The U.S.-educated dean of Beijing University's new faculty of architecture, Chang is also the son of architect Zhang Kaiji, designer of such Maoist monuments as the National Museum of Revolutionary History on the eastern edge of Tiananmen Square and the National Guest House where Nikita Khrushchev once enjoyed Chinese hospitality. But the thread is only sentimental.
The beautiful city of his youth has disappeared almost entirely, Chang laments. “Even 15 years ago, the city had integrity and dignity as well,” he says. “It was all grey, with green trees popping out — and that was it. That was the city that attracted my father from the south 60 years ago, and that's how I remember it.”
Now, he adds, the city's insensitive development and “really awful architecture” are ruining its appeal to visitors and business alike. The new monuments are impressive but meretricious, creating a city of “interesting objects” to demonstrate Chinese sophistication — “the best of architecture in a Gucci bag.”
But people don't live in a city like that, the architect says. “It's more like an exposition — maybe a park. That's a real problem.”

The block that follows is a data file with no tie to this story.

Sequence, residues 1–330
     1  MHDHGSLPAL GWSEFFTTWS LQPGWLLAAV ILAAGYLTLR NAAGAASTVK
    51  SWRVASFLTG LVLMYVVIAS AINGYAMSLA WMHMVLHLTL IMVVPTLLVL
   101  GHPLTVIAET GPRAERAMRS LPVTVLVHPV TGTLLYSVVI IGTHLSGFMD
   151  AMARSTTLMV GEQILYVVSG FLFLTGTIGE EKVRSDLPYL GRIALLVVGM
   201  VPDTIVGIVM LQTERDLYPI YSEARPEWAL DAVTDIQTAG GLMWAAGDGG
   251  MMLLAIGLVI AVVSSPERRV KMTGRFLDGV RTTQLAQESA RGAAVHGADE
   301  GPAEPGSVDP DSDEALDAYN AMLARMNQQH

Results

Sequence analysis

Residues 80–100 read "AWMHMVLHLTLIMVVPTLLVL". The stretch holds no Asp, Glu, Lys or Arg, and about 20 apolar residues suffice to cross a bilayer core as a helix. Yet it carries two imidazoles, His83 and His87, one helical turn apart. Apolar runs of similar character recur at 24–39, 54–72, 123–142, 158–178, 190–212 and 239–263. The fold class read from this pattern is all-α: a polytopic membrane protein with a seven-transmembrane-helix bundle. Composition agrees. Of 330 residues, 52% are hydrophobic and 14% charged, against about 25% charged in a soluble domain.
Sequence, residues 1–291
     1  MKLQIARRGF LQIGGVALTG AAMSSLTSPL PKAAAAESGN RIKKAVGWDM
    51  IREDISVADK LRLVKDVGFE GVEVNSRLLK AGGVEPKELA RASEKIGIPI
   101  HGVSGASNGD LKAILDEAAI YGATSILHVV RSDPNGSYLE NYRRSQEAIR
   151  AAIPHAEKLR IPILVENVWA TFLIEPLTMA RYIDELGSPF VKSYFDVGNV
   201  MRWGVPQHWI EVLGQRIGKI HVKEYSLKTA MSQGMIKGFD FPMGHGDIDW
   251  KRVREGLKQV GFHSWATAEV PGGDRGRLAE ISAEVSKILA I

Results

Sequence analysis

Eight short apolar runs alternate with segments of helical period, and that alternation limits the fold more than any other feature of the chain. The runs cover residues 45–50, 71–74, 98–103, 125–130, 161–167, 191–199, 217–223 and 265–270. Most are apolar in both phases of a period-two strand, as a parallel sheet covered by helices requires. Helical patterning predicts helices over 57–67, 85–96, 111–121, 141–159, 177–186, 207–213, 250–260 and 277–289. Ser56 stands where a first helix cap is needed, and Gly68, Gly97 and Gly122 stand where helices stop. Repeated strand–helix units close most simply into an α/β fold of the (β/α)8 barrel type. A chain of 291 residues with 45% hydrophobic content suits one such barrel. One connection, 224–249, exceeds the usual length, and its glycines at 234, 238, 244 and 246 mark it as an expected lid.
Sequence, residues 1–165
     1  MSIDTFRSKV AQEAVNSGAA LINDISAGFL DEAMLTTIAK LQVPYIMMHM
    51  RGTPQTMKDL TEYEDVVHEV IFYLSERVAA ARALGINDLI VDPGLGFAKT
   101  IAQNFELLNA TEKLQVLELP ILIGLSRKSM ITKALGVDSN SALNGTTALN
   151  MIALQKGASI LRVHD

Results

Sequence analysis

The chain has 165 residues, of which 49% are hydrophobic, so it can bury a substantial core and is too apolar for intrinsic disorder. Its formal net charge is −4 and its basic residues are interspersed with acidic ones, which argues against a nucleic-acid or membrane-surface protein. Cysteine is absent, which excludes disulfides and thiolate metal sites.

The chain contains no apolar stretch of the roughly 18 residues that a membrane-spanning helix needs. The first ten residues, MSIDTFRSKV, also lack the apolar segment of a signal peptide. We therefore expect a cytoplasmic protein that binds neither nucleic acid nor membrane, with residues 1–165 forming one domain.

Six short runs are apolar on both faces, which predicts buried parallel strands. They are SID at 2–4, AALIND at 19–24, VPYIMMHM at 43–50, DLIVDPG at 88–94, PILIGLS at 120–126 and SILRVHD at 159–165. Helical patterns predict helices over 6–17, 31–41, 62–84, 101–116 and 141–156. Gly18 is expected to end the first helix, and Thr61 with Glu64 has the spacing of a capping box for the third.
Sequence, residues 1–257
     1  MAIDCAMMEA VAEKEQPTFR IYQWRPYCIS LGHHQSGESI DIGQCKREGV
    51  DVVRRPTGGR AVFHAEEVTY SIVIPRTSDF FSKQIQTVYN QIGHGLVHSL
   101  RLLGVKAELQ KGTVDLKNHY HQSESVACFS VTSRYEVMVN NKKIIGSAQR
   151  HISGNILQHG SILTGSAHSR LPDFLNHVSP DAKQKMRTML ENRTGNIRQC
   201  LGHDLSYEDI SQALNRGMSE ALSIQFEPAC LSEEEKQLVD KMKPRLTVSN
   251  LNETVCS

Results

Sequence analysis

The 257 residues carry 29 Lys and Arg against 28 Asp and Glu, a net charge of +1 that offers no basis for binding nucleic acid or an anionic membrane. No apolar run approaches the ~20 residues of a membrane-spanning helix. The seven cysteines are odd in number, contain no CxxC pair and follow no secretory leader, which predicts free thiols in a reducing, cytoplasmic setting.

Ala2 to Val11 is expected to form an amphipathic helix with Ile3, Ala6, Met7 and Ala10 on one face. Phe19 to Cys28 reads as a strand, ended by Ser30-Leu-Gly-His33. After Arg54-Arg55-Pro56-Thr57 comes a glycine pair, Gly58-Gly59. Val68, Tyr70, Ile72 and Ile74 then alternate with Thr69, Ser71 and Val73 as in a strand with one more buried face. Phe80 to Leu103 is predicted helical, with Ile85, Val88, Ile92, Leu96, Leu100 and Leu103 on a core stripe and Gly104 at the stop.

Recent reforms reflect some new awareness of the problem. The summary demolition of what remains of Beijing's ancient courtyard neighbourhoods is no longer permitted, according to Zhang Zugang, professor of architecture at Tianjin University and vice-president of the Architectural Society of China. He speaks hopefully of planned new green belts and promenades, but he admits that historical preservation is a novel proposition in the new China.
“There is still a strong opinion that the courtyard housing is dilapidated and not fit for people to live in,” he says. And there is, as always, an insatiable hunger for the new.
Many people evicted from the old city and resettled in distant high-rises are delighted with the upgrade, according to Joe Carter, a Canadian architect who has lived in China for almost 20 years, currently with his Chinese wife and family on the 14th floor of a 25-storey high-rise in the instant new city bordering the Third Ring Road in eastern Beijing.
Reports of the rampant demolition of old Beijing are exaggerated, Carter says, although he admits that the pressure for change remains intense. And the preservation of old hutong (laneway neighbourhoods) by gentrification, with pop stars and foreigners now beginning to renovate beneath the trees, is a mixed blessing.
“Gentrification scours the inner and makes the shell a kind of status symbol, this beautiful thing that belongs to the past,” Carter says. The multigenerational social life that gave meaning to the ancient city structure is gone forever.
Today's Beijingers live in a high-rise city where the typical street is six lanes wide, almost permanently gridlocked, with a fence down the middle. They can cross on foot only at widely spaced overpasses. Walls two metres high and as long as 500 metres, the typical length of a Beijing superblock, line the sidewalks. The old work-unit compounds inside may have given way to dozens of high-rise condominiums, but the forbidding walls remain.